Without careful valuation of a target company, however, your company may lose in the end. Stock enervates, values plunge, shareholders bail. What options are available to ensure success?

CPAs, financial advisors, attorneys: Build a professional network

When it comes to providing professional services to your clients, who you know can be just as important as what you know. Being able to refer your client to an attorney who can help answer a legal question, an accountant who can address a tax problem, or to a financial advisor who can provide knowledgeable guidance can help ensure that your client is getting the best service available. It can be hard work to build a professional network, but hard work will often pay off in the end.

Accountants, financial planners and lawyers should work together

The responsibilities of accountants, financial planners and lawyers often overlap. When these parties work together, the results can be harmonious. You can rest assured that you’re receiving thorough, well-researched advice concerning your tax, financial and legal affairs. However, if these parties aren’t communicating, you or your business could suffer. Overlooked tax implications or issues with your estate are just some of the problems that could arise. Communication between everyone who has a hand in your financial affairs is crucial.

CPAs and financial planners shouldn't offer legal advice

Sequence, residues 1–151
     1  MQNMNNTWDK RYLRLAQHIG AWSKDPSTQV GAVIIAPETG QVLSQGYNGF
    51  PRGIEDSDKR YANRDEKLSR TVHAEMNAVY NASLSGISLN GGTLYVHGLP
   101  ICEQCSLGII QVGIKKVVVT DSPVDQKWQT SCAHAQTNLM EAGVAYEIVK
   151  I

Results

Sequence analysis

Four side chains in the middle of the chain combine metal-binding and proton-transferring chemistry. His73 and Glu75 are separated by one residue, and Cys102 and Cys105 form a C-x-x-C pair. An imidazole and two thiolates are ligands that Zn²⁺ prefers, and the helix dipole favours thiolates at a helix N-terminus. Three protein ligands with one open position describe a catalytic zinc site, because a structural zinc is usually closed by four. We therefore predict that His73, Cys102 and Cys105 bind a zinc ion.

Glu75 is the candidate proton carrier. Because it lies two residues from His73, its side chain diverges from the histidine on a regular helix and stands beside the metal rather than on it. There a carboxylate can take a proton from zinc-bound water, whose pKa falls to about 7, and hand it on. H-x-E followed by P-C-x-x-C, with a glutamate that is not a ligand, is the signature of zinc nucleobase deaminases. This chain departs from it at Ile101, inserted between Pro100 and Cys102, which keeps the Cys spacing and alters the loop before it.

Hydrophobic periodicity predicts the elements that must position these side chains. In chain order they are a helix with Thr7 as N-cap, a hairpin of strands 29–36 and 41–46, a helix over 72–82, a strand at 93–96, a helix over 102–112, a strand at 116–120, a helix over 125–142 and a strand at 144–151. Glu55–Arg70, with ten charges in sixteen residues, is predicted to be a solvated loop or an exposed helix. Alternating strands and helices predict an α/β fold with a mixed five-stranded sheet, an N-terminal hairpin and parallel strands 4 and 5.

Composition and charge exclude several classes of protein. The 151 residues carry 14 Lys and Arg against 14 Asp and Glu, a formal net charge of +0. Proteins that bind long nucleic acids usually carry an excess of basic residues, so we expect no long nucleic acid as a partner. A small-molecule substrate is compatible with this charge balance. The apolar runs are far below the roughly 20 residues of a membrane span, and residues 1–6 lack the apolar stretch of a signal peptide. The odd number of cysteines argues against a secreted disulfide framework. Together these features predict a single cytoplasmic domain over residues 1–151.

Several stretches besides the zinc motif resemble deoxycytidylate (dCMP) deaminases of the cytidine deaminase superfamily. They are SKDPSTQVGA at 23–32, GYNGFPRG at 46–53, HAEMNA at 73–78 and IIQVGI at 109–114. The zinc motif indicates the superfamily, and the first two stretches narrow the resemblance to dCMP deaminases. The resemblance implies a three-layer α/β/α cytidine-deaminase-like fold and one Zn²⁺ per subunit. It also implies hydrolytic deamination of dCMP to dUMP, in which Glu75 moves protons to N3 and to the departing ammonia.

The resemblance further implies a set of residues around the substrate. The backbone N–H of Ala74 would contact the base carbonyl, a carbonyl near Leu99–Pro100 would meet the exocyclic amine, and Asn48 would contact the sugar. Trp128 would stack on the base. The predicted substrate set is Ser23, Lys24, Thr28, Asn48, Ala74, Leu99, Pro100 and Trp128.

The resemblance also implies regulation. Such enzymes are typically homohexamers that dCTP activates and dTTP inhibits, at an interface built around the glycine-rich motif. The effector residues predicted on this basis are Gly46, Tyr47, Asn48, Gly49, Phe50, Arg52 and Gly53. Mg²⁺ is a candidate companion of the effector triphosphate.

Oftentimes, tax and financial issues can intersect with legal issues. It can be tempting for accountants and financial planners to field legal questions in an effort to better meet the needs of their clients. However, doing so may cross the line into providing legal advice. Unless the person giving the advice is a licensed attorney, one may face charges of practicing law without a license or face other consequences.

What constitutes “legal advice?”

Accountants: There are times to refer your client to an attorney

The duties and responsibilities of accountants and business law attorneys often overlap. Sometimes, the lines become so blurred that it’s difficult to see when professional legal help may be necessary. If there is ever any question concerning whether to involve legal counsel, accountants should always err on the side of caution.

Business lawsuits can ruin your bottom line and reputation

Building a solid reputation for your business is crucial for a company to survive and stay competitive in your industry. The trust that you build with customers and vendors will not only affect the way the public views your company, but also your company's bottom line. The more your customers trust your company, the more likely they are to continue to buy and recommend your products and services.  Unfortunately, what may take years to build can be quickly destroyed on a heartbeat, especially in the event of a messy legal dispute. 

The cold hard fact is that at some point during its operation, almost all businesses will be involved in some kind of legal dispute, whether it is a dispute over a contract, employment issues, discrimination, liability, false advertising, or misrepresentation. No matter if the dispute is large or small, it could have the effect to negatively impact your business and the representation you fought so hard to build and preserve.